From the title, the first essay is a robustly historical diagnosis of the subject matter of centralisation and decentralisation at the heart of any understanding of the emergence of the Nigerian state, starting from 1954. In this essay, Suberu brought a critical measurement angle to the discourse on the centralisation and decentralisation dynamics of the Nigerian state since independence. This is against the background of the narrative that the trajectory of Nigeria’s political development demonstrates, on the one hand, a spell of decentralised federal arrangement before the 1966 military take-over of politics; and then, on the other hand, a largely compromised federation operating under a centralised and unitary constitution. Of course, this narrative is contested by those who contend that constitutional power is appropriately devolved to the elected state governors. In “nuancing, rather than repudiating, [the] prevailing binary perspectives,” Suberu “measures different politico-institutional, policy, and fiscal domains according to whether they experienced significant or mild centralisation, decentralisation, or stability over the course of the federation’s evolution.” Specifically, the measurement involves “three politico-institutional spheres, twenty-two policy fields, and five fiscal indicators.”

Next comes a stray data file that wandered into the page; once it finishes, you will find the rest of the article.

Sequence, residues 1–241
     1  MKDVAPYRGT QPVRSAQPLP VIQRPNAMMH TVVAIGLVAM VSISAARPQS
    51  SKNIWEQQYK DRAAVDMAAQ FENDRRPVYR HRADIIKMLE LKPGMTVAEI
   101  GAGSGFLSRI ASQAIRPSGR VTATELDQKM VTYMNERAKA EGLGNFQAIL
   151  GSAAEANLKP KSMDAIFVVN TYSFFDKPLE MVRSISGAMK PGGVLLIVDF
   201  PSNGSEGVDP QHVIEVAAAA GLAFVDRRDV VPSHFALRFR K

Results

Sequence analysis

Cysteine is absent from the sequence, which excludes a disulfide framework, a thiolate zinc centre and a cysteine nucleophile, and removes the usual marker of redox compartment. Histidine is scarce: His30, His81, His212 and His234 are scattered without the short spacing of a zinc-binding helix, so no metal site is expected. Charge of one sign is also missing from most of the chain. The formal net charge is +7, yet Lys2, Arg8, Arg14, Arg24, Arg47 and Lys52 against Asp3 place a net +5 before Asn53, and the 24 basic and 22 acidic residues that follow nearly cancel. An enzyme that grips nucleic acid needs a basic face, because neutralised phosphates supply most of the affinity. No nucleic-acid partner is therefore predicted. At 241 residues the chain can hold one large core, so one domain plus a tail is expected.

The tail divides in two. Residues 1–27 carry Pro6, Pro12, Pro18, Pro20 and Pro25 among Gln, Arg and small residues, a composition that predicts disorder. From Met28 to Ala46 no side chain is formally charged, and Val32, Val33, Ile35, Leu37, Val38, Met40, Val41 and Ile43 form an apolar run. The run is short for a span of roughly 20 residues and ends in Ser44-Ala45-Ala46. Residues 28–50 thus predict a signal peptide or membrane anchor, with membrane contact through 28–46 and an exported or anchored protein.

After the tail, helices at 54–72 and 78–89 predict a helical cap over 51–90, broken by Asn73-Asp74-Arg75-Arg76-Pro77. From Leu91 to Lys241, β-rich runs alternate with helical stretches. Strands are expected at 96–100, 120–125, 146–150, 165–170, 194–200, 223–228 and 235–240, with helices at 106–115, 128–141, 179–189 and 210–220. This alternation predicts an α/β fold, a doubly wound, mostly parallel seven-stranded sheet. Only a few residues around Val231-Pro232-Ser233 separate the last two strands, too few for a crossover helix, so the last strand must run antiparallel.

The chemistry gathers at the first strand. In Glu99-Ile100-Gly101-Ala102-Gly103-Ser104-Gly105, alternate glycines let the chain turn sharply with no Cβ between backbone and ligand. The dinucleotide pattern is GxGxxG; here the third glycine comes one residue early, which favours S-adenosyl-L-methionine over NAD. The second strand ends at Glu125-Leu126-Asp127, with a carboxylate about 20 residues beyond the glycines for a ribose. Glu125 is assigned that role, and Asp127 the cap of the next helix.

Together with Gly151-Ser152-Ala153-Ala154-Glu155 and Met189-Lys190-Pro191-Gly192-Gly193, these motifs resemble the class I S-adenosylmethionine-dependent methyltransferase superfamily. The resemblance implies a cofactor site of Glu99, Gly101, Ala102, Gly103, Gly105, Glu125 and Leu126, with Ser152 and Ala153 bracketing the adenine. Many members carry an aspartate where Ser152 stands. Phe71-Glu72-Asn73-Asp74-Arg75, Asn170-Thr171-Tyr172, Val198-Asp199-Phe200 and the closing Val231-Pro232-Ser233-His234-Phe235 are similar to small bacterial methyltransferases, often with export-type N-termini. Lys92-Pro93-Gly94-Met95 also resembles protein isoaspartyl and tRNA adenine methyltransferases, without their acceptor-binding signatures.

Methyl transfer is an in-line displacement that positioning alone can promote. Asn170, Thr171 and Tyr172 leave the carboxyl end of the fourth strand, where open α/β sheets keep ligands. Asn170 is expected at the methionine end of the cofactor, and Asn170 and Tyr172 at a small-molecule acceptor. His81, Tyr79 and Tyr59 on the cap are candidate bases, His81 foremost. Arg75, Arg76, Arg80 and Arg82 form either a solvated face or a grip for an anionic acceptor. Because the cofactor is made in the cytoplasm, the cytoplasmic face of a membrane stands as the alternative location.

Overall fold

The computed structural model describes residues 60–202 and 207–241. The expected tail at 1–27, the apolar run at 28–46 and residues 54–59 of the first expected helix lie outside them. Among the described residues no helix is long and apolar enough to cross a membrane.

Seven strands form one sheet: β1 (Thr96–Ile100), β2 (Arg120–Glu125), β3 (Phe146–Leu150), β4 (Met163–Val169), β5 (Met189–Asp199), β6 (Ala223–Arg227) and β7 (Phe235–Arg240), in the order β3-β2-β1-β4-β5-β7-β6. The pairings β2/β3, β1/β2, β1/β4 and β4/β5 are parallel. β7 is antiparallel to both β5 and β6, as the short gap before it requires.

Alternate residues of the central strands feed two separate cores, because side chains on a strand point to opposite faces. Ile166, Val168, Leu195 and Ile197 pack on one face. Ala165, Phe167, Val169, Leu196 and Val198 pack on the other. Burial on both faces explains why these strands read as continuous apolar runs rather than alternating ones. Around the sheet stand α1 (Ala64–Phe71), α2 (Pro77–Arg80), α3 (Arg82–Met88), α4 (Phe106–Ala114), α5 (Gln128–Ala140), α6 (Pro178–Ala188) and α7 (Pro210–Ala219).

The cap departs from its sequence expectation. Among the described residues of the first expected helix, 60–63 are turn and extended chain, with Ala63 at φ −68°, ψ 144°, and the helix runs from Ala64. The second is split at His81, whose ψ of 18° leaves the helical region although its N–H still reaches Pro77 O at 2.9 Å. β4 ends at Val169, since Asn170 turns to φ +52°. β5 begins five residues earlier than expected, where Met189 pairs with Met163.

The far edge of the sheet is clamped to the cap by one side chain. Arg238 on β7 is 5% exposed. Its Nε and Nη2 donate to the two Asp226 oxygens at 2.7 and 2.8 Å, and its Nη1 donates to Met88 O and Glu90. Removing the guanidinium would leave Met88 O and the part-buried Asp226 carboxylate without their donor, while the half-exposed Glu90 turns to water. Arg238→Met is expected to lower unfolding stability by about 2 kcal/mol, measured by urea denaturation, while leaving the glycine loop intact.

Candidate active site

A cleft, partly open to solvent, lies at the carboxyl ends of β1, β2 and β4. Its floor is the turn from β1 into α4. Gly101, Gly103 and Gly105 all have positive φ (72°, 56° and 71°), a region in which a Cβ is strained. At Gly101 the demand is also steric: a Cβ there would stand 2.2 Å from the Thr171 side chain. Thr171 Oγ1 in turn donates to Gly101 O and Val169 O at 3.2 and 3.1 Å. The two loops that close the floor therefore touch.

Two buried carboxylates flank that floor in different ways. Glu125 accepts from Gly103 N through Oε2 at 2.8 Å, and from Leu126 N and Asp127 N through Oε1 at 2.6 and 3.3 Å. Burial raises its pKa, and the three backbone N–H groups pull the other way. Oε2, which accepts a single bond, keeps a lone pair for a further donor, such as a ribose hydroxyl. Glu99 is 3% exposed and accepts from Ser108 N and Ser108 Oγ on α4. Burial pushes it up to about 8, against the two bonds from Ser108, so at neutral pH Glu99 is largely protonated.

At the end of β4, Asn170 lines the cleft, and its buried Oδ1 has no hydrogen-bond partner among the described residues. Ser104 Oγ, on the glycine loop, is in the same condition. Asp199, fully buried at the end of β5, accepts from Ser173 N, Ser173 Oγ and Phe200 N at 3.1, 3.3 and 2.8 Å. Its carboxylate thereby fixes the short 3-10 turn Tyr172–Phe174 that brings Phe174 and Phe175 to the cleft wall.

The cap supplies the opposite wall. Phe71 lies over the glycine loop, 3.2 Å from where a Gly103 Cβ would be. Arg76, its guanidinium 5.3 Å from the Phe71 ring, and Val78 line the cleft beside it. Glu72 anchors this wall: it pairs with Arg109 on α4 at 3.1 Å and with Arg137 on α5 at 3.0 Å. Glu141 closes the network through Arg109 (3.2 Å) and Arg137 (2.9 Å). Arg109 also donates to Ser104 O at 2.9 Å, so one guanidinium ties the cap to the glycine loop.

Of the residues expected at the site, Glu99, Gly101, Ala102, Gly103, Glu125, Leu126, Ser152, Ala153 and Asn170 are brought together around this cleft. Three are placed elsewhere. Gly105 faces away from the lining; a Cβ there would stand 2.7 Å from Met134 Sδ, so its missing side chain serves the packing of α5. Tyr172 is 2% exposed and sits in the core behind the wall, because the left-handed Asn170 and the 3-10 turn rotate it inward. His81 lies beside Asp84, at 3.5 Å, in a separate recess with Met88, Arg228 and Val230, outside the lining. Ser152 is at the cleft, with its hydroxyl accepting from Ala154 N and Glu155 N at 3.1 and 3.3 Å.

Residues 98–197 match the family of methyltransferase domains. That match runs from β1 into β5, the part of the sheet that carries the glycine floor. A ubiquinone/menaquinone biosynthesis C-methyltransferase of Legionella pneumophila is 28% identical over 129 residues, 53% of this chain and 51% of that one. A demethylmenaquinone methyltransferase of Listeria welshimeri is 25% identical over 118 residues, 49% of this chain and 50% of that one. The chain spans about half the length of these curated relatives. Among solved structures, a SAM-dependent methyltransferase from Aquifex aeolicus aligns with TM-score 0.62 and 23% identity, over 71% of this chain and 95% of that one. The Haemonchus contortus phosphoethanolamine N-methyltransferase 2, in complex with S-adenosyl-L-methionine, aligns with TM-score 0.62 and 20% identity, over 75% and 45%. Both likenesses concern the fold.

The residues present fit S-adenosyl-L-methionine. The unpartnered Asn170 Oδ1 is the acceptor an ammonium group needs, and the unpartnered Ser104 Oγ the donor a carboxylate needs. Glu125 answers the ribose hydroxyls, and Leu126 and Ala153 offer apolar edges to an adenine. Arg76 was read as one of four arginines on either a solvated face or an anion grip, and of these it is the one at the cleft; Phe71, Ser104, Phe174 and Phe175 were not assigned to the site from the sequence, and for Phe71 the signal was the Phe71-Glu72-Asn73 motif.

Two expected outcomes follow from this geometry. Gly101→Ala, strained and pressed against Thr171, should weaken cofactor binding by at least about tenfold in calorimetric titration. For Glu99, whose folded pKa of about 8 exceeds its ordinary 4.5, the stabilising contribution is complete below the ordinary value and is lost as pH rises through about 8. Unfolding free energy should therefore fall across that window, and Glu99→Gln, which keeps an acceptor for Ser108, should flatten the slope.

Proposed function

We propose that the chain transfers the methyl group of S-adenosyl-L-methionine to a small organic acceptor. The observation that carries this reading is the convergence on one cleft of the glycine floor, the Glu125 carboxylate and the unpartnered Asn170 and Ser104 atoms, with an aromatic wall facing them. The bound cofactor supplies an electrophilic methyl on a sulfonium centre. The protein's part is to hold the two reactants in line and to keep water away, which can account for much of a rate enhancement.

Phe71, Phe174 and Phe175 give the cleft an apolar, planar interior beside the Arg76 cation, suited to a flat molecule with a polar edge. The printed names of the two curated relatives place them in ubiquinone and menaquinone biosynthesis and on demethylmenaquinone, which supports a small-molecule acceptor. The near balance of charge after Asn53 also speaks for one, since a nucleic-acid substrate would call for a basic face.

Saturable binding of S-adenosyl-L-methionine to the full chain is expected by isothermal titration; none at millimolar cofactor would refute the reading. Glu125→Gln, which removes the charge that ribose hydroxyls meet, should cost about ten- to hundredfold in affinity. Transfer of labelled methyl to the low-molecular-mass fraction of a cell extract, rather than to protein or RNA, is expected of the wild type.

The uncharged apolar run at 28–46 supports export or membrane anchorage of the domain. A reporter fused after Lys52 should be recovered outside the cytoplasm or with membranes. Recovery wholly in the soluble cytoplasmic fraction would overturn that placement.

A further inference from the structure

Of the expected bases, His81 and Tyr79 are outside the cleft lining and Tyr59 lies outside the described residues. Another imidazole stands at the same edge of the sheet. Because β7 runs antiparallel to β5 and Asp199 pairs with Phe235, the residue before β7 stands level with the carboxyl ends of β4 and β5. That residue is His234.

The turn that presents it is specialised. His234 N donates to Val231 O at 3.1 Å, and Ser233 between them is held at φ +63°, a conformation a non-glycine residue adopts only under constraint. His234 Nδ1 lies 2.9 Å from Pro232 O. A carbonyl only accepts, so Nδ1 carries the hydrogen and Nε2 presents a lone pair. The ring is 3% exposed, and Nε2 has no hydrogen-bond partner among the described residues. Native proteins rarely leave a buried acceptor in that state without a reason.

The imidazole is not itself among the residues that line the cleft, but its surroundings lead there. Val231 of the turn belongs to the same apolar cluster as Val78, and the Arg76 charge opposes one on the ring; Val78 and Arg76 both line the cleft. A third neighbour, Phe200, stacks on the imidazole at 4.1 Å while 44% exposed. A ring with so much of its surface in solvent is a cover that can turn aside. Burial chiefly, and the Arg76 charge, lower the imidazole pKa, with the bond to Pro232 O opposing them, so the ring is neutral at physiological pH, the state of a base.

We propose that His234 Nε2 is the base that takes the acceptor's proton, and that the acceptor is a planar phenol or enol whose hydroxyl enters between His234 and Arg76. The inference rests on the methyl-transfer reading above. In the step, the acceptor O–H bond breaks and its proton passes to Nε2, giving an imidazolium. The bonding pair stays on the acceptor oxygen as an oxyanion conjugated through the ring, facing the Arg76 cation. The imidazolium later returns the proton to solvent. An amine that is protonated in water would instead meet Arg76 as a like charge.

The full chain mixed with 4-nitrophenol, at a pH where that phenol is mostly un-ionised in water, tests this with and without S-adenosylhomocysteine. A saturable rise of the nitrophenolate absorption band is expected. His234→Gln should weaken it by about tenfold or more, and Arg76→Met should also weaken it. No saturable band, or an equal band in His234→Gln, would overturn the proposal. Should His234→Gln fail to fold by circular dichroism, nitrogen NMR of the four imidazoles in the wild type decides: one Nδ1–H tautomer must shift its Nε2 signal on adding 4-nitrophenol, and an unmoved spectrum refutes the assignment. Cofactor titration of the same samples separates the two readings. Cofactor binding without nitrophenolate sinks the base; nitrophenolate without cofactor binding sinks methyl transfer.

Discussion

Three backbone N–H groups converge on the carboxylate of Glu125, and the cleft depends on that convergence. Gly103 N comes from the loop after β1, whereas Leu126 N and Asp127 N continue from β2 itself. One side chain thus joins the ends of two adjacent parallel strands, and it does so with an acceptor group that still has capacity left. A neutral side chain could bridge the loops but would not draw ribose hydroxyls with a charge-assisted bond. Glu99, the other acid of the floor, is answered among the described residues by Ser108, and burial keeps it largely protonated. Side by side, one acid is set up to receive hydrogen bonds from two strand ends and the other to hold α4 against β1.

Of course, given the metrics deployed by Suberu, the conclusion could only be that of the narrative of an initial and a later moment of decentralisation and centralisation respectively. The fundamental insight is that the de/centralisation elements and dynamics cut across Nigeria’s phases of political development. For Suberu, even the military did not go to the full extent of abrogating Nigeria’s federal structure, contrary to widespread analyses. A deeper finding is the point that autocracy and federalism are not mutually exclusive. In other words, “countries can be autocratic without completely sacrificing, eliminating, or killing federalism.” While this may sound so ominous, especially within the context of present lamentation about Nigeria’s overcentralised structural deficiencies, Suberu’s overall conclusion is that “the Nigerian experience shows that prospects for the flourishing of genuinely decentralized federal schemes may depend on the institutionalisation and consolidation of stable democratic constitutional rule.” This is more in tune with the democratic aspiration that sees democracy and federalism as mutually reinforcing and enabling of Nigeria’s developmental agenda. With regard to Nigeria’s multi-ethnic configuration, the study foregrounds the positive relationship between federalism and ethnic diversities. However, once the territorially defined ethnic identities become subject to fluid and fragmentary tendencies, then they make centralised dynamics possible.